_Maxim_

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These are questions asked by _Maxim_

It seems rather arbitrary that proc..end proc is allowed inside functions, but none of the other statements from ?index,statement are:

seq(try ln(i) catch: -infinity end try, i=0..2)
seq(proc() try ln(i) catch: -infinity end try end proc(), i=0..2)

Only the second one works, even though syntactically it doesn't seem to be different from the first one.

It would be really convenient to have any statement allowed inside a function, including assignments (as :=, not as assign()) and compound statements:

s:=0: seq(s:=s+i, i=1..10)
s:=0: seq(proc() global s:=s+i end proc(), i=1..10)

This is more compact than using a loop.

proc() local a := 0, b := 1;
  print(proc(x::uneval) x := 1 end proc(a));
  print(proc(x::uneval) x := b end proc(a))
end proc();
                               1
Error, (in unknown) illegal use of a formal parameter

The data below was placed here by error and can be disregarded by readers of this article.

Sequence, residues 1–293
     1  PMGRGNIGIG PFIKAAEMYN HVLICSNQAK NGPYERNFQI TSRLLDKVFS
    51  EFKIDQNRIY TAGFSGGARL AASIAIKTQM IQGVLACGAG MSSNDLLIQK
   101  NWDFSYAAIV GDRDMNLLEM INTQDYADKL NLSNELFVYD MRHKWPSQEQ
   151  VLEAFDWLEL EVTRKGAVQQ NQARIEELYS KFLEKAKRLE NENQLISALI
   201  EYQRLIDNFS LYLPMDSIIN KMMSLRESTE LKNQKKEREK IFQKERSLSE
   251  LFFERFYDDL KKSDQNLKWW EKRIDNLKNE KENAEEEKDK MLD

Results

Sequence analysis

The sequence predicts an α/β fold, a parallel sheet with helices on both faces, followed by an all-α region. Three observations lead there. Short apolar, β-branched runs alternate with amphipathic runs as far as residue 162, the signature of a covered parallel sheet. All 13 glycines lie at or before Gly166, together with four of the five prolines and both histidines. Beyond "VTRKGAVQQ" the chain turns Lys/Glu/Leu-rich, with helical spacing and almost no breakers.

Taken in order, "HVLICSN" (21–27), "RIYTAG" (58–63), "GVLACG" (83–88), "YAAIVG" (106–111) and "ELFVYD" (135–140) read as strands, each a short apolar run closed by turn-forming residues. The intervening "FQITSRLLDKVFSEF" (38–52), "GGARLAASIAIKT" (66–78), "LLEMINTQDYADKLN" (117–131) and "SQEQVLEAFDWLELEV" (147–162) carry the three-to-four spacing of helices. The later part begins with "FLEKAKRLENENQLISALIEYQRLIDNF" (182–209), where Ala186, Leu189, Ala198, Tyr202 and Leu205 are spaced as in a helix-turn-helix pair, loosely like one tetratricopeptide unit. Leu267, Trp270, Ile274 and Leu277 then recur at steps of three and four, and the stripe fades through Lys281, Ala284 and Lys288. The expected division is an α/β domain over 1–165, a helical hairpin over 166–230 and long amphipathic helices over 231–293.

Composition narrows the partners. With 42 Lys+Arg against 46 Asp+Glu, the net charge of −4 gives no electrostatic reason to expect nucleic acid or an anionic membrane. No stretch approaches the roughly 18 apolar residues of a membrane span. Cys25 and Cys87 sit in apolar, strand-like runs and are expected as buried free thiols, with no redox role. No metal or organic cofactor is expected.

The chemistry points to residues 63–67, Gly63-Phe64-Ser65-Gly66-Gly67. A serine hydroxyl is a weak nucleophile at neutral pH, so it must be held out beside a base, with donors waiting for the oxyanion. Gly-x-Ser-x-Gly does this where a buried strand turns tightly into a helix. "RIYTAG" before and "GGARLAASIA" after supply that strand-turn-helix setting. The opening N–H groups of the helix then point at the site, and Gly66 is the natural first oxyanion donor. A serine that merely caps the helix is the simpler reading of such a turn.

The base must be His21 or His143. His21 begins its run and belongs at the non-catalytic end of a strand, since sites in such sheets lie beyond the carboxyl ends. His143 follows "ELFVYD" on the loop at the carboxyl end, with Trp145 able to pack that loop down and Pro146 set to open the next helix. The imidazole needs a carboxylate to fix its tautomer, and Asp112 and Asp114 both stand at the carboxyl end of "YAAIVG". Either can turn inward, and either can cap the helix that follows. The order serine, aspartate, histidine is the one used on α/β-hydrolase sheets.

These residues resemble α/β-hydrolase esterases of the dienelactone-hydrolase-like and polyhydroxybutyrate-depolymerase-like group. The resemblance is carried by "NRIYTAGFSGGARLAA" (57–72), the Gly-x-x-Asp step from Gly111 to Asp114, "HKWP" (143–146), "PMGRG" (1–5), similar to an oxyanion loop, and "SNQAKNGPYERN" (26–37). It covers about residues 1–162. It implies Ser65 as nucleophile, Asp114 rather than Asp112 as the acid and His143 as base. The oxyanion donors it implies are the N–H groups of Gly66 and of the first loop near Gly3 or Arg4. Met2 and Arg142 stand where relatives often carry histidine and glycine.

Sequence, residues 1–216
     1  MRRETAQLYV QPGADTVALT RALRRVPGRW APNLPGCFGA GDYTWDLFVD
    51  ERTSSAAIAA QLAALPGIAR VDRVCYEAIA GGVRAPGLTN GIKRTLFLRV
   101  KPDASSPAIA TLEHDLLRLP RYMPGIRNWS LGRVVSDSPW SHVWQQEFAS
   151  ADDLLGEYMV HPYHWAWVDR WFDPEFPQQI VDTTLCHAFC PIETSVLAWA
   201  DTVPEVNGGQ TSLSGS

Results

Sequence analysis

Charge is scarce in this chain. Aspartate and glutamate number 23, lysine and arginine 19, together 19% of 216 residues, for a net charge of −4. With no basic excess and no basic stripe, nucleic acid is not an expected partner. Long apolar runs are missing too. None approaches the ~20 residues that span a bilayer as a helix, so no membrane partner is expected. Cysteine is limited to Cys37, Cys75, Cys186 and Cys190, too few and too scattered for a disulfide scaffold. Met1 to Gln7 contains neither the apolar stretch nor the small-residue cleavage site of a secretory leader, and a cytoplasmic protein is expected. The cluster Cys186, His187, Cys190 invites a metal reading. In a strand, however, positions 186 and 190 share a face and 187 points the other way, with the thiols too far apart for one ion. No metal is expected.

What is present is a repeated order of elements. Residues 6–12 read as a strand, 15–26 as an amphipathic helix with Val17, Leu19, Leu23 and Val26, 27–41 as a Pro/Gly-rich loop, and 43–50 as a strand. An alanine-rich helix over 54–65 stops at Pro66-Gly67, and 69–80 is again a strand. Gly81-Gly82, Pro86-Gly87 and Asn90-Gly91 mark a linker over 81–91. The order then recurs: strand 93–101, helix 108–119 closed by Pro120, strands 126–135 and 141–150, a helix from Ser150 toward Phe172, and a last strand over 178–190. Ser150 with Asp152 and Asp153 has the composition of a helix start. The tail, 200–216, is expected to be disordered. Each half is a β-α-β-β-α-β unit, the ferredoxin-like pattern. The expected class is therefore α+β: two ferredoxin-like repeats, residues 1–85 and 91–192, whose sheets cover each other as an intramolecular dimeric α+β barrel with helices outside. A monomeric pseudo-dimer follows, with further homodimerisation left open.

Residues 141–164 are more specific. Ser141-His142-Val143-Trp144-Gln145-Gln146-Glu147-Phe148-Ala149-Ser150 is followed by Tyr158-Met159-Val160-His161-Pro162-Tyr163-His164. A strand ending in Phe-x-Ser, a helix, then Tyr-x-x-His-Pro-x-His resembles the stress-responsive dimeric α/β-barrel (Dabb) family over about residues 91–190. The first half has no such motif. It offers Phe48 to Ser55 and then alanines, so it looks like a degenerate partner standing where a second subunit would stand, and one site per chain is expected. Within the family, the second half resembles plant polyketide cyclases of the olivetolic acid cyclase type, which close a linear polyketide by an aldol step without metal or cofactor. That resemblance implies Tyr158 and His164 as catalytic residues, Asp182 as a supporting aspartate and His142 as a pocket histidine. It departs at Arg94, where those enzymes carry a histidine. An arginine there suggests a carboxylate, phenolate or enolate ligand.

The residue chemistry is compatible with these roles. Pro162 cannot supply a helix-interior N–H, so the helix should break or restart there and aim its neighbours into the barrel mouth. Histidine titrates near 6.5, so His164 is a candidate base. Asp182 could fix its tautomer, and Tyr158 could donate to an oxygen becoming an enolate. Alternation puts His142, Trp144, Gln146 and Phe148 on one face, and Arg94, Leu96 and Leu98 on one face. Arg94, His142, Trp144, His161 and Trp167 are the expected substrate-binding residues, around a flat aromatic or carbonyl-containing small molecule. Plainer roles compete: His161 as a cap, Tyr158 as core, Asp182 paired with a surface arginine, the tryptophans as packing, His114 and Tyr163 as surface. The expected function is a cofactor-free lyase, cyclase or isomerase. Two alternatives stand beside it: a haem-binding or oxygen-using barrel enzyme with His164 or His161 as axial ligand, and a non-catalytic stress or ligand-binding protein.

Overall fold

Why doesn't the second nested procedure keep a unevaluated?

With Typesetting level set to Maple Standard, x->(f@g)(x) is displayed as x->f@g(x), which is wrong because composition has lower precedence than function application.

sum((-1)^k/k^(1/2), k = 2 .. infinity);
Error, (in polylog) numeric exception: division by zero

 

This remains unevaluated:

(evalf@Sum)((1-10^(-3))^k/k, k = 1 .. infinity)

This might (or might not) be related to the fact that evalf/Sum doesn't have a tolerance (epsilon) setting. If I want to evaluate the sum with 1-10^-20 instead of 1-10^-3 directly, I need to increase Digits. But then the tolerance setting will increase too to about 10^(-Digits+1), and evalf/Sum will return unevaluated again because it won't be able to attain the requested accuracy. Whereas often only a few digits are needed -- e.g., to see how the sum grows with n -- and a tolerance value of 10^-3 or so would be sufficient.

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